Wednesday, March 23, 2016

Dispatches from LA

I spent last weekend in LA, at the Bindercon conference. For those who don't know, Bindercon is a conference of women and gender non-conforming writers. I decided to go last year, almost on a whim. I saw a tweet or an ad or something about early bird registration, and the price was low... and I thought, hey, I need to learn more about the literary world, and this seems like a relatively low cost way to start doing that.

Also, I was feeling a bit put upon by constant demands from my family, and the idea of a weekend away in LA sounded really nice.

So I bought tickets.

As it got closer to time to go, I started second guessing myself, and almost donated my tickets to someone else.

I'm glad I didn't do that. This was one of the most welcoming conferences I've ever attended. The organizers set the tone, by announcing at the start that "everyone who is here is meant to be here," and the participants really lived up to that. I had a great time. I was struck by how many things are the same for women writers and women scientists, and I enjoyed learning about the things that were different. The experience made me wish I could go to equally welcoming conferences in a variety of fields. The compare-and-contrast thing makes for a really intense learning experience.

I don't want to summarize the entire conference, but I want to mention a few things I picked up, in no particular order.

From a discussion on having a diverse career, led by Pamela Redmond Satran, I picked up three things:

  • "Seize your confident moments" (Satran was telling a story about submitting a pitch for a TV show: she had done the development work even though she thought she might be wasting her time, and so when an opportunity and a confident moment coincided, she pitched... and it worked. I love this phrase because it acknowledges that we won't always be confident, but also encourages us to take advantages of the times that we are.)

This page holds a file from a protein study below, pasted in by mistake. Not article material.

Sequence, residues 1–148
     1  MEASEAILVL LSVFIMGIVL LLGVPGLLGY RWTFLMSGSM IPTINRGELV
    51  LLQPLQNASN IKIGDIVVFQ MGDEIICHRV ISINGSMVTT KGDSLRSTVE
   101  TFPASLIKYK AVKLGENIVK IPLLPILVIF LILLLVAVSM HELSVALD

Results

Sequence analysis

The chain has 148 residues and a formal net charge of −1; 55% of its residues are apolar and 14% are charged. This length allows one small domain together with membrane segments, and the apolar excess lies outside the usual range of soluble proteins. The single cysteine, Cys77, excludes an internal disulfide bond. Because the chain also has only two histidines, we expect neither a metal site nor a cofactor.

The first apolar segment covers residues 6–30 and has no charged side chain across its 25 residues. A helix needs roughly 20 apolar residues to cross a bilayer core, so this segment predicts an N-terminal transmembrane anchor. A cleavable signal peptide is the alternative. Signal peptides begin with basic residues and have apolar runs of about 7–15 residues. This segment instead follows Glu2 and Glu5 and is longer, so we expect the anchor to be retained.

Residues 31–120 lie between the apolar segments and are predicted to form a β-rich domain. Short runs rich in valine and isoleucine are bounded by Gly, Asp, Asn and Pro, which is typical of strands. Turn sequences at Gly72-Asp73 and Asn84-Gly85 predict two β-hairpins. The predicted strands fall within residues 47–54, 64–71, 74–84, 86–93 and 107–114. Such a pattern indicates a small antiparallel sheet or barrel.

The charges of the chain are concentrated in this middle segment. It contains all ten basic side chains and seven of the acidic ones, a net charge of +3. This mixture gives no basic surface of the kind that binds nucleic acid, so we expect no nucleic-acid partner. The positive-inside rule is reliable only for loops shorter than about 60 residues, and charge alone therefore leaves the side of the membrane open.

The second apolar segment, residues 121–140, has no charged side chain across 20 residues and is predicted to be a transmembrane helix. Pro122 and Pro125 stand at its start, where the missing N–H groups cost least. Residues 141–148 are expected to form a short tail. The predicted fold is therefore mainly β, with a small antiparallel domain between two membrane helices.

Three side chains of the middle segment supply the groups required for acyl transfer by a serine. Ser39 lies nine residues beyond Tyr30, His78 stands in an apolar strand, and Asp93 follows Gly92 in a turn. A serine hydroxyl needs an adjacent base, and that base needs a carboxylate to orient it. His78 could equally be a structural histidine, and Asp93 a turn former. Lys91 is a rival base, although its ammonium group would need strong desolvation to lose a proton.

• "Get comfortable with being uncomfortable" (This may become my new mantra. So much of what I am doing now makes me uncomfortable, but that is because it is stretching me and helping me grow what I can do. It is in support of the greater good.)
  • The idea that different projects can be good for different things. It is OK to take a project that bores you but pays well so that you can make the money you need to allow you to pursue the projects that interest you but don't necessarily pay well.
Some advice from Lisa Kudrow (she and Robin Schiff had a "keynote conversation" during lunch on Saturday):
  • When negotiating, don't think about what you "deserve." Thing about how much the people on the other side need you, and how much leverage you have. That will help you know how hard to push.
  • Don't take rejection personally. Take it as a message that what you have "is not what they need right now."
The writers were big into networking, but they don't call it networking. They call it building a community. That is a nice way to think about it, I think.

Some more thoughts:
  • Several different people talked about allowing 1-3 days of mourning after a big rejection or when something fails. But then you put it behind you, and get on with the next thing.
  • A nice thought from attorney and writer Natashia Deón (whose book Grace sounds amazing): start each day with your own thoughts. (This was in response to a question about not letting social media take over your time: she doesn't open social media until after her morning routine.)
Some things I am working on really believing, and that the conference helped me get closer to really believing:
  • It is OK that I'm figuring things out as I go.
  • As long as I don't misrepresent myself to anyone, my best is good enough. No matter what happens.
  • If someone doesn't like me, I don't have to fix that. I can just avoid that person. (Or, as the writers would say: "surround myself with a community that supports me.")
Some things I learned from having a weekend on my own:
  • Having dinner and drinks with a good friend is an incredibly restorative thing to do.
  • Reading an entire novel is one sitting is an incredibly restorative thing to do. (I read Ancillary Mercy.)
  • It is good to take a little time to just do what I want, without regard to anyone else, now and then.
And the final thing, which was not from Bindercon or having time on my own or any of that, but from taking the opportunity of a 2.5 hour solo car trip to finally listen to Hamilton:

I'm not throwing away my shot.


  1. Sounds really amazing. Would love to go to a writing or blogging conference someday but waiting to feel like it's the right moment. Reminder not to wait forever :)

  2. I loved this whole post but was particularly pleased by the end :D


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